• Sixty percent of people who struggle with eating disorders recover through treatment
  • About 80 percent of women who enroll in treatment for eating disorders do not receive sufficient care to help them recover
  • Approximately 20 percent of people who have eating disorders and enroll in treatment make partial recoveries

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Global Impact Of Westernization Of Culture

The first culture to be studied, with an increased prevalence of eating disorders, was Asia. Immigrants began coming to Western countries, and studies were conducted on the immigrants and descendants prior to the 1990s. There were a handful of reported cases of eating disorders during this time and was rare.

In Japan however in the 1970s eating disorders becoming more prevalent, and by the end of the 20th century disordered eating attitudes and behaviors significantly increased among Asian youth . Eating disorders in Asia suggest that eating disorders are not culture-bound or specific, but more culture-reactive.

This is based on Westernization of fashion, beauty ideas, television, social media as well as industrialization and urbanization of Asia .

The study of the significant and rapid increase of eating disorders in Asia takes into consideration the coinciding of westernization, cultural shifts, industrialization, and urbanization. This includes shifts in population demographics, food supply, global economies, gender role shifts, and the traditional family structure changes .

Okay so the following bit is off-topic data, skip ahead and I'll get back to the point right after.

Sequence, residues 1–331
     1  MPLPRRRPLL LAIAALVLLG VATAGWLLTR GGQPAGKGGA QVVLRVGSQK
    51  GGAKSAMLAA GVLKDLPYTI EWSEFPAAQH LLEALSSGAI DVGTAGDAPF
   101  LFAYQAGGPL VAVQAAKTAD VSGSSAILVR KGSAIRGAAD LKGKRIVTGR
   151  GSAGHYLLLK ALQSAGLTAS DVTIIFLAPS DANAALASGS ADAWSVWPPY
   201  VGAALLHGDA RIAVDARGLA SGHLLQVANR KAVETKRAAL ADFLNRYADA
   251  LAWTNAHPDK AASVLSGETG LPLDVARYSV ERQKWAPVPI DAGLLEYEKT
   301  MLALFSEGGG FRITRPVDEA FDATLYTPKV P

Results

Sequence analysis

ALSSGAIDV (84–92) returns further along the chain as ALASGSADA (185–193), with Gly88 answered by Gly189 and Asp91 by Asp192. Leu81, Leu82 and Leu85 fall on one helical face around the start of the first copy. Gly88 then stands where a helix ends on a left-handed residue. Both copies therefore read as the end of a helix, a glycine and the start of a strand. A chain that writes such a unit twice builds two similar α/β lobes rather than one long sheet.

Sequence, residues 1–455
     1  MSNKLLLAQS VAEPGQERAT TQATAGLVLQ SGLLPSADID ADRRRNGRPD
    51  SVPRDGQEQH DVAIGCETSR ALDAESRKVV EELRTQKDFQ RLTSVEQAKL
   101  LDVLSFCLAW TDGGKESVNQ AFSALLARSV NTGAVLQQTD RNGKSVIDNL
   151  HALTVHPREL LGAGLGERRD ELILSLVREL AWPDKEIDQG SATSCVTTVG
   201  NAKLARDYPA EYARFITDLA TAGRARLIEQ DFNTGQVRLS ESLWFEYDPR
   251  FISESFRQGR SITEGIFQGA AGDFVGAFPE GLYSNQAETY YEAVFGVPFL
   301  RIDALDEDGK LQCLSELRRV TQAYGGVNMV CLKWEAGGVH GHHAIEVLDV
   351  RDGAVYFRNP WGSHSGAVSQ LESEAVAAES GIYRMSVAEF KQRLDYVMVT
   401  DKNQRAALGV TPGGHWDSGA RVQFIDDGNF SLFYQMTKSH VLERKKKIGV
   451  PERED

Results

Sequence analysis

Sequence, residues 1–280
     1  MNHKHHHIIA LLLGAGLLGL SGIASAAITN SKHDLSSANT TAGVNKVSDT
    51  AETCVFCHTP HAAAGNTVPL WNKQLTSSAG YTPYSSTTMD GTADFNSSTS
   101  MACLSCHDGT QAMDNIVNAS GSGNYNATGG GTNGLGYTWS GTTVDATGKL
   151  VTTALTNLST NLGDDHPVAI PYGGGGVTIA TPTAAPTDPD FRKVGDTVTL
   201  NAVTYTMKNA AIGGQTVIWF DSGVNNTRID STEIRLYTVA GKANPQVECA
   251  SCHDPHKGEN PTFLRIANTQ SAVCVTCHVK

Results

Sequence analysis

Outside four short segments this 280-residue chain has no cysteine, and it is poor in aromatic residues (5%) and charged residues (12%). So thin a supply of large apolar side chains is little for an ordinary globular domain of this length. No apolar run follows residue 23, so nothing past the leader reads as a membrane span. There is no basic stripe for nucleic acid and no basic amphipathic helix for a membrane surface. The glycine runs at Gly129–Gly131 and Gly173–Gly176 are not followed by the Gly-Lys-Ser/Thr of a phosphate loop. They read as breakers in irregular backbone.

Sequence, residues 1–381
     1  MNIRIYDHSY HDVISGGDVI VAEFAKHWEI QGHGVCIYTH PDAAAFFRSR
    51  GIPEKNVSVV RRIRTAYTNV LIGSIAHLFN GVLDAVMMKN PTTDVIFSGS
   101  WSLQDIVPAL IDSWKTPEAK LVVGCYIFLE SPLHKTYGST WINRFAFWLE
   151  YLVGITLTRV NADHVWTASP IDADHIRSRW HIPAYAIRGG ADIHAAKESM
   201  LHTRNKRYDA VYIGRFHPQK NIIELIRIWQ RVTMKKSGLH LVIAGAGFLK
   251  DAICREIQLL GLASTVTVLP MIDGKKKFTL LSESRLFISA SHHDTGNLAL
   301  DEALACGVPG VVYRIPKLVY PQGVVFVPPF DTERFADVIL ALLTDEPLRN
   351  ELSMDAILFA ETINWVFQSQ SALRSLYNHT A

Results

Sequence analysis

Crisis Care At Priory

Priorys customer service team is available 24 hours a day, 7 days a week to ensure that those in crisis can be signposted to the best possible support, as quickly as possible. The specialist teams at our residential facilities can help to stabilise those in need of immediate assistance for their eating disorder or other mental health concerns.

Get in Touch Today

For details of how Priory can provide you with assistance regarding eating disorders, please call 0800 840 3219 or . For professionals looking to make a referral, please click here

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What To Expect From Psychotherapy

Since different types of people may respond better to different types of therapy, there is no one type that is most effective for treating eating disorders. The following therapies are most commonly used:

  • Cognitive behavior therapy is a form of short-term therapy that focuses on distorted thinking patterns and emotions that drive disordered eating behavior.